:)




Btw I love all the stories of what's out there (in the night) from those centuries.


message 38: by Cam (new) - rated it 3 stars

Cam | 116 comments Ooh, thank you both! I thought the episode of the dwarf maiden was so short and yet so well-written. Undset did a great job of rendering the unsettling beauty and menace of the mountains... Thinking back on it now, it seems to serve so many functions for the rest of the book: setting up the landscape, Lavrans' character and the relationship between father and daughter, Kristin's curiosity and love of life, the weight of beliefs and the unfathomable... Or maybe I'm just getting carried away by the fact that I loved that section :D.


message 39: by Carol (new) - added it

Carol (carolfromnc) | 682 comments Haaze wrote: "I think this was probably true for most societies of the time regardless of location. The entity of the 'night' and the realm of darkness were very different back then compared to our extended nigh..."

Yes, i agree - this is typical of society's across state borders/boundaries for this time. Thanks for the link - that looks like a fascinating book.


message 40: by Carol (new) - added it

Carol (carolfromnc) | 682 comments Cam wrote: "Ooh, thank you both! I thought the episode of the dwarf maiden was so short and yet so well-written. Undset did a great job of rendering the unsettling beauty and menace of the mountains... Thinkin..."

Carried away isn't a bad thing, in this context :)


message 41: by Carol (new) - added it

Carol (carolfromnc) | 682 comments In connection with publication of the Nunnally translation, Penguin/Random House put together a fabulous readers guide with discussion questions I thought we might be interested in considering. I will upload them in separate messages and we can address what intrigues us and ignore what doesn't. That approach should also make it easier for subsequent members to respond to this novel at a time when we aren't reading it collectively and prompted by each other's real-time comments.

Here's the link to the guide:

https://www.penguinrandomhouse.com/bo...


message 42: by Carol (new) - added it

Carol (carolfromnc) | 682 comments Discussion Question #1:

The Wreath is set at a time of transition in Norway: Christianity, which had been introduced in the late tenth century, was spreading, but the older pagan forms of worship and belief lingered.

How does Undset’s description of Kristin’s encounter with the elf maiden [p. 19]—and Lavrans’ reaction to it—epitomize the collision of the old and new belief systems?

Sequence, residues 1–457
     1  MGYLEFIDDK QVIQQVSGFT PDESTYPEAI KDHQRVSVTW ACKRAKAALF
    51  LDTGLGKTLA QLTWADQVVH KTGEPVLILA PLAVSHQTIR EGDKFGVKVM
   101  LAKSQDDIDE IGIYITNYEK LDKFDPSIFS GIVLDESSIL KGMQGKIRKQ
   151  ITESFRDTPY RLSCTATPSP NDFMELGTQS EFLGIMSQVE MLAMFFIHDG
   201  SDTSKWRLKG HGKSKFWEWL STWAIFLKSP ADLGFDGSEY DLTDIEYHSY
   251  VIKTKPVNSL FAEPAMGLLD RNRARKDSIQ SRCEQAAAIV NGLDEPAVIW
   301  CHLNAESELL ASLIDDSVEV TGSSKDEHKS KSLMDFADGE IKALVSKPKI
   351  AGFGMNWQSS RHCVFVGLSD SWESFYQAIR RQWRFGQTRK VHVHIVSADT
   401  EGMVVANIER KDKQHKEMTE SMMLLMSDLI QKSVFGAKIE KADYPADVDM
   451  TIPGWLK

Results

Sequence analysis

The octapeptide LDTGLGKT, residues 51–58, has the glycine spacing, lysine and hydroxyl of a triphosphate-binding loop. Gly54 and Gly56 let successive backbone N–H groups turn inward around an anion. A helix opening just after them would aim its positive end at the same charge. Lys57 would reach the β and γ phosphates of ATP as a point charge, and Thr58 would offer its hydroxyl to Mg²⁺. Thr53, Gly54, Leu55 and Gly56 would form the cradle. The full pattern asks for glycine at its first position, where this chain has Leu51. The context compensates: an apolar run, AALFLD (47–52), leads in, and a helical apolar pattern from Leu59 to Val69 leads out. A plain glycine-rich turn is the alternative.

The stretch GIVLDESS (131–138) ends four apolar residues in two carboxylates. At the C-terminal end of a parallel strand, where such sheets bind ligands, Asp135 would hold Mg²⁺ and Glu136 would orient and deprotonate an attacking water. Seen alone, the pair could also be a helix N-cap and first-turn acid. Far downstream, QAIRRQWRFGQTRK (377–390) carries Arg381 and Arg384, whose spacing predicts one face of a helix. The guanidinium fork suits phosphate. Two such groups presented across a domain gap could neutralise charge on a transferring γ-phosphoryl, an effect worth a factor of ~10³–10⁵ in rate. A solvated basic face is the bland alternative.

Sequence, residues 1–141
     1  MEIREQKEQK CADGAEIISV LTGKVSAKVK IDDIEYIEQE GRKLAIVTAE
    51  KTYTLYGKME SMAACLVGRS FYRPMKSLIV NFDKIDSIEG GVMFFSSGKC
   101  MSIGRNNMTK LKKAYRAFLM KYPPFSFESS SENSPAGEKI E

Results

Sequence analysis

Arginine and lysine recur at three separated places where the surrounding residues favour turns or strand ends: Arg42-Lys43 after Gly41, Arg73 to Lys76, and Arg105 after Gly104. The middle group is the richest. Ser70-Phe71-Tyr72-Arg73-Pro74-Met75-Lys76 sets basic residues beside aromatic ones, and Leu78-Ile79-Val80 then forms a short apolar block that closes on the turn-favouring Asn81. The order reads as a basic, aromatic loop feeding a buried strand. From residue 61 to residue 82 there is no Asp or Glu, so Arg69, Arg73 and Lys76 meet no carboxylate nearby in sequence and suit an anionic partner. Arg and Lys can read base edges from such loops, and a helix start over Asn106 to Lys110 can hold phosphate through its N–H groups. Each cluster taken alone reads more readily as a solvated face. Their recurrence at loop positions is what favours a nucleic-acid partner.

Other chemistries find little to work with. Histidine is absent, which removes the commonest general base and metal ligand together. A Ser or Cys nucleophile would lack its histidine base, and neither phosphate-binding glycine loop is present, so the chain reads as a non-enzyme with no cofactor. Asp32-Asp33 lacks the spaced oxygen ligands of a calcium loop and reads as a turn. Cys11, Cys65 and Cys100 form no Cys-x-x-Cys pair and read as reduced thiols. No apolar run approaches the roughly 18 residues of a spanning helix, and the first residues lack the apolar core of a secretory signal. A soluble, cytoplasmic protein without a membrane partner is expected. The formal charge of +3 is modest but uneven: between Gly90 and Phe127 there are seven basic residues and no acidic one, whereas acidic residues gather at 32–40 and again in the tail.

What other examples are there of the family’s inability to abandon age-old traditions and superstitions despite their devout Christianity?

For instance, what is the significance of Fru Aashild’s attempt to cure Ulvhild when the prayers of the parish priest fail to work the miracle Rangfrid longs for?


message 43: by Carol (new) - added it

Carol (carolfromnc) | 682 comments Discussion Question #2:

Does Kristin acquiesce too readily to her father’s selection of Simon as her future husband? Does she agree to the betrothal because she feels genuine affection for Simon or is she primarily motivated by her love and respect for her father?

How does Kristin’s relationship with Arne deepen your understanding of the social attitudes and assumptions she lives by?

Why does Simon’s sympathetic and compassionate reaction when her reputation is questioned increase Kristin’s ambivalence toward him?


message 44: by Carol (new) - added it

Carol (carolfromnc) | 682 comments Discussion Question #3:

Discuss Undset’s use of elements drawn from medieval ballads, chivalric legends, fairy tales, and other traditional stories in her depiction of Kristin and Erlend’s meeting and courtship. What particular motifs do you recognize? What themes, events, or characters represent Christian beliefs?

How do these “archetypal scripts” enrich the story for readers? In what ways do Undset’s narrative style, her depiction of the natural world, and her language create further links to the past and its storytelling traditions?


message 45: by Carol (new) - added it

Carol (carolfromnc) | 682 comments Discussion question #4:

Which one of Kristin’s two suitors appeals to you more and why?

How do their attitudes about Kristin—and about love and marriage—differ? In what ways are they similar?

Are there contradictions between traditional standards of morality and those imposed by the Church?

Does Erlend take advantage of Kristin’s innocence and inexperience or does she share equal responsibility for initiating their love affair?

To what extent does the very secrecy of their relationship strengthen the tie between Kristin and Erlend?

Why does Lavrans finally to consent to the marriage?

What impact do the pleas—as well as the suggestive comments—of Erlend’s noble kinsmen [p. 250] have on his decision?

Why does Kristin begin to have doubts after her betrothal to Erlend is announced?


message 46: by Carol (new) - added it

Carol (carolfromnc) | 682 comments (Last one) Discussion Question #5:

Kristin, Aashild, and Eline all sacrifice their reputations and moral integrity when they give into their sexual longings. Were their transgressions justified in the light of subsequent events?

Do their lovers suffer to the same extent from the condemnation of society and the pangs of conscience?

Does Undset’s depiction of the consequences of adultery reflect the moral conventions of the time or does it represent a more universal truth?


message 47: by Haaze (last edited Feb 05, 2018 03:10PM) (new) - rated it 4 stars

Haaze | 57 comments Hmm, I'm allergic to discussion questions originating from the publisher..... :P

*rashes starting to appear*


message 48: by Carol (new) - added it

Carol (carolfromnc) | 682 comments Haaze wrote: "Hmm, I'm allergic to discussion questions originating from the publisher..... :P

*rashes starting to appear*"


Please share any superior conversation-starters you devise, ma'am. :)


Haaze | 57 comments He he!


message 50: by Charlene (new)

Charlene Morris | 1213 comments Mod
The ending was so surprising. (view spoiler)


« previous 1
back to top